By Alan Dymock
ACCORDING TO one of the games most legendary kickers, the standard of place kicking “is higher now than ever.”
Neil Jenkins, former Pontypridd, Wales and Lions kicker has today spoken out about the standard of goal kickers in World rugby at the moment, citing the reliability that is expected of international nudgers.
“Most people are quite surprised now if a kicker misses maybe more than two or three at goal,” he said. “They are either 100% or just have the odd miss in games. It is pretty spectacular at the minute in terms of the kickers we’ve got in the game.”
Looking at the breakdown, though, is he right: have kickers improved over the years?
RBS 6 Nations
The basis of Jenkins’ argument comes from looking at the current 6 Nations Championship.
Jonathan Sexton has 100% from the tee in this year’s competition, landing all six of his shots at goal. However he has only landed six, while Owen Farrell is the most prolific punter, having landed 15 of his conversions and penalties.
The ice-cold Englishman is not the most accurate, though, despite all of his scores. He has missed five of his 20 kicks and so has a kick percentage of 75%, the same as Freddie Michalak (six from eight).
Telling, isn’t it? Farrell has the same percentage as Michalak, but he has 15 kicks to Freddie’s six. One is leading the tournament despite misses because they take a lot of chances and earn the points. The other has not had a say in the games.
This said, another assumption made by Jenkins – that kickers influence the outcome of games; “More often than not it’s the difference between winning and losing games” – is arguably correct. Greig Laidlaw and Leigh Halfpenny have both landed 13 kicks that have helped seal the outcome of games for their respective countries, with Laidlaw having an accuracy rate of 92.86% and Halfpenny enjoying 86.67%.
In the leagues
It isn’t all about the grand spectacles, though. Once you acknowledge that the sheer number of points can win games, rather than percentages, it then becomes obvious why some club teams are winning the arms race.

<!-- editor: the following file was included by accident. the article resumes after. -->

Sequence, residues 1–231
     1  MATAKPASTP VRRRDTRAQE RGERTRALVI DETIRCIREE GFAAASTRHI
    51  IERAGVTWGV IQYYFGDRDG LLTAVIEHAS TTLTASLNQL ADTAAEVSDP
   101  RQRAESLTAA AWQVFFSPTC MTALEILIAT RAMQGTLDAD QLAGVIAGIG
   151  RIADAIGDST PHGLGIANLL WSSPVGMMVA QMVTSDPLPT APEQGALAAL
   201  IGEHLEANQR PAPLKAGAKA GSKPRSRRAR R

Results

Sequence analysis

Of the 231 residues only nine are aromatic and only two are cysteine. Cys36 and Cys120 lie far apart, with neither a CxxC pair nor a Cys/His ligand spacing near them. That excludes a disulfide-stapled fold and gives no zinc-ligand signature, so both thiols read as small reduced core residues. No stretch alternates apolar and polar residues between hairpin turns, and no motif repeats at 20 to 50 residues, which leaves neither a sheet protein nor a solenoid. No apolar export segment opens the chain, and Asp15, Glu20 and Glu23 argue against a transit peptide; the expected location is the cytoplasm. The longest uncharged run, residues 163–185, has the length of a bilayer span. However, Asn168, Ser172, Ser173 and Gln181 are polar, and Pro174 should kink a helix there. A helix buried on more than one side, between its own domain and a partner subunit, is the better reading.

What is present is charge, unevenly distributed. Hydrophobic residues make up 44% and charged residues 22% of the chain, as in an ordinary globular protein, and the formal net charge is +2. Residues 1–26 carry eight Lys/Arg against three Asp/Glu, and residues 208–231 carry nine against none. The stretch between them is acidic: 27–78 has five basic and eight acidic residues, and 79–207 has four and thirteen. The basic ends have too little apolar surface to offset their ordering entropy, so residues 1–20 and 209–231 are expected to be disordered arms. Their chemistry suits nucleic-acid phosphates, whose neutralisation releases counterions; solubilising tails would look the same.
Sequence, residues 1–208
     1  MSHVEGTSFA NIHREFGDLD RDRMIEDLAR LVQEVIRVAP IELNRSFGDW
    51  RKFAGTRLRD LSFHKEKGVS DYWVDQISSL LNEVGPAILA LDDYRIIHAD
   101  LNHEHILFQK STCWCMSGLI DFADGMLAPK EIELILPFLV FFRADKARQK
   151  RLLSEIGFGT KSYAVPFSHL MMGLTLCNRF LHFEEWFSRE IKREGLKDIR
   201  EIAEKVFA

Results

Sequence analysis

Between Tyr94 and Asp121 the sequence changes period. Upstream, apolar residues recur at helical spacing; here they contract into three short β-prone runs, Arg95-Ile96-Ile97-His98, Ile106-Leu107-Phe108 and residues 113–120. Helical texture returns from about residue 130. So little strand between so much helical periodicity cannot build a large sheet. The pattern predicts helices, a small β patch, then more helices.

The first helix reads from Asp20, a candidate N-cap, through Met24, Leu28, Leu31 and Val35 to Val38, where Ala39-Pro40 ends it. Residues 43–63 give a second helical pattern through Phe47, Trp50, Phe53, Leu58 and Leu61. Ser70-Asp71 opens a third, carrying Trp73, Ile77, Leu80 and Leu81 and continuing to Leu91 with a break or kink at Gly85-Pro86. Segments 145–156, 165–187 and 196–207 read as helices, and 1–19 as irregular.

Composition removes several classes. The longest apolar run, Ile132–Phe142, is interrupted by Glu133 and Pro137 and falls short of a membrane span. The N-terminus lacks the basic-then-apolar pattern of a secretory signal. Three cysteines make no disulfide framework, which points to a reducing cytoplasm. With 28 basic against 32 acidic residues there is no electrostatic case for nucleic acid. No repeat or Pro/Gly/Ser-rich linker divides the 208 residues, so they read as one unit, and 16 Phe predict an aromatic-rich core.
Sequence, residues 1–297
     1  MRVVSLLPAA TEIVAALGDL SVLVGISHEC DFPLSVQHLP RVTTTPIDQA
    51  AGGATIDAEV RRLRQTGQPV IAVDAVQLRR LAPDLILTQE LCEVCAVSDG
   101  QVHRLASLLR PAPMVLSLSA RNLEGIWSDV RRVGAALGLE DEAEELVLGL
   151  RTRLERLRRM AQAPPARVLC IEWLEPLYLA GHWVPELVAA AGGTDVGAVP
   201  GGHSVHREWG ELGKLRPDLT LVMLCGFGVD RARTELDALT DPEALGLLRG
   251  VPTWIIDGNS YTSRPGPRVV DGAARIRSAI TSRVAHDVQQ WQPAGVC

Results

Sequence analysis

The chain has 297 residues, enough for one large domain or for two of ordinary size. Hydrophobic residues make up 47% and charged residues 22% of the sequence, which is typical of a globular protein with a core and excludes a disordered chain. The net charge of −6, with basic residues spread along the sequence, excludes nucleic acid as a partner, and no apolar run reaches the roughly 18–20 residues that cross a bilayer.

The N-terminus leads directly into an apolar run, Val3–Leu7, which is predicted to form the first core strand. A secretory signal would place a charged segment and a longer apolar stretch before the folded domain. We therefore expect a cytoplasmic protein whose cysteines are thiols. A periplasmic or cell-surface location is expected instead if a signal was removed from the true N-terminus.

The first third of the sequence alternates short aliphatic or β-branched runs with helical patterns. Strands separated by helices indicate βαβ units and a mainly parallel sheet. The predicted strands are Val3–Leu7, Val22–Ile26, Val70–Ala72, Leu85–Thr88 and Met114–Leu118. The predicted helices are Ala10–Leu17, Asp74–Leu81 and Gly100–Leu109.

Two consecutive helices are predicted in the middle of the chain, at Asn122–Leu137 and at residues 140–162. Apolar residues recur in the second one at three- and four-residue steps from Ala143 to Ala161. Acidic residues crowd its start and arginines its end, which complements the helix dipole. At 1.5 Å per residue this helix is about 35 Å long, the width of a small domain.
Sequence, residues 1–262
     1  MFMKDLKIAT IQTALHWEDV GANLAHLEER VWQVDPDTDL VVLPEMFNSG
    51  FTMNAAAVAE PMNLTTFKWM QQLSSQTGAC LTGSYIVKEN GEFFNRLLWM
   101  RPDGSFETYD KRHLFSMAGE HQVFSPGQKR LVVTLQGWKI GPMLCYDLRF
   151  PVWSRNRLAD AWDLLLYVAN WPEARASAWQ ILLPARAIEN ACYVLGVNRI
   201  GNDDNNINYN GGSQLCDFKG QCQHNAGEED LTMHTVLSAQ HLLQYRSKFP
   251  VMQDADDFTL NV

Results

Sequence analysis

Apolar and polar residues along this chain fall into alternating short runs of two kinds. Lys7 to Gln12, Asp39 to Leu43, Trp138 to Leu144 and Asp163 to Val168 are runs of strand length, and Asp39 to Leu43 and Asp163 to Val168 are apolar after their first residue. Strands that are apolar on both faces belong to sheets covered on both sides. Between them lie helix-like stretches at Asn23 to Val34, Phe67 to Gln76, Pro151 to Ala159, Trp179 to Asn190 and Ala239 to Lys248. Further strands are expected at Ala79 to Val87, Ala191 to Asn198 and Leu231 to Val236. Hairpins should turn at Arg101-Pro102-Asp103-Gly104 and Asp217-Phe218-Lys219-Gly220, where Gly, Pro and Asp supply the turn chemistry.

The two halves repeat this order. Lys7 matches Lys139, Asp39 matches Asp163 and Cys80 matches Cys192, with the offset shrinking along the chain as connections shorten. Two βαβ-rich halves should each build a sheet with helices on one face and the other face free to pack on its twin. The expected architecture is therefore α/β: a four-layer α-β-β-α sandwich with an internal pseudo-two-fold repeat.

In France, Jonny Wilkinson is pumping Toulon to the top of the table with his boot. He has landed a staggering 94 penalties and conversions this season, which, when added to drop goals, means he has already amassed an unbelievable 267 points himself. Putting those points into context, that is more than Sale Sharks have managed this term.
Hot on Wilko’s heels is Castres’ want-away scrum-half Rory Kockott, who has 86 place kicks to his name. James Hook also features highly in the club game, despite not being anywhere near starting or kicking for Wales, clipping over 70 place kicks for Perpignan.
Looking at the Top 14 the game is either played like a back-alley brawl, with penalties being handed out every other second, or the range and expertise of the kickers playing means that they are trusted to take points rather than going for the corner. Percentages be damned: it’s a numbers game.
The trend continues. In England, Nick Evans is the top marksman with 68 conversions and penalties. Compared to ye olde times (amateur days) his percentage of 77.27% is top-notch. Nevertheless, it could be said that his volume of work is more stunning. Freddie Burns comes just in behind with 64 (81.01%) and Andy Goode has 62 (74.7%).
Tom Prydie is the RaboDirect Pro12’s top kicker, with 40 successful kicks. This edges him ahead of Ian Madigan and Ian Keatley, with 38 and 37 kicks respectively, both with percentages in the 80 per cents. Good numbers, but not comparable with astronomical French figures.
So Jenkins may be right. Kickers are possibly better. Yet it could just be that in the big games players get more shots at the sticks. Even then, though, it is possibly that we are just making a bigger deal out of those doing the kicking. After all, no one has ever topped Tim Stimpson in a single season in England –he kicked 115 times for Leeds Tykes in 2000 – but the likes of Wilkinson have hoovered up points over an entire career.
With kicking, good things come to those who wait.